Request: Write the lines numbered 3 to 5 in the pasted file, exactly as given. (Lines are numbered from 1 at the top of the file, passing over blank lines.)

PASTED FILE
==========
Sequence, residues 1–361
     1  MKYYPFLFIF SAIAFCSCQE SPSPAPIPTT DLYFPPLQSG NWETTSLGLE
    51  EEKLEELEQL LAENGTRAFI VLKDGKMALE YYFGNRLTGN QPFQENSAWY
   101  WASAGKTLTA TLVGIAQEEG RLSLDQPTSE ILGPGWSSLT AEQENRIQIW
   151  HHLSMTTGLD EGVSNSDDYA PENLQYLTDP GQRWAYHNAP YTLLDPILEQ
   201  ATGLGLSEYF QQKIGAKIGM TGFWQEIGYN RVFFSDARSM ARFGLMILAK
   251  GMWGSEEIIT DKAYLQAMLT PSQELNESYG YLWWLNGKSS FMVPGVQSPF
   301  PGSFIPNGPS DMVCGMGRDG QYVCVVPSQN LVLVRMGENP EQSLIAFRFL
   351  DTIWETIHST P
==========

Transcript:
    51  EEKLEELEQL LAENGTRAFI VLKDGKMALE YYFGNRLTGN QPFQENSAWY
   101  WASAGKTLTA TLVGIAQEEG RLSLDQPTSE ILGPGWSSLT AEQENRIQIW
   151  HHLSMTTGLD EGVSNSDDYA PENLQYLTDP GQRWAYHNAP YTLLDPILEQ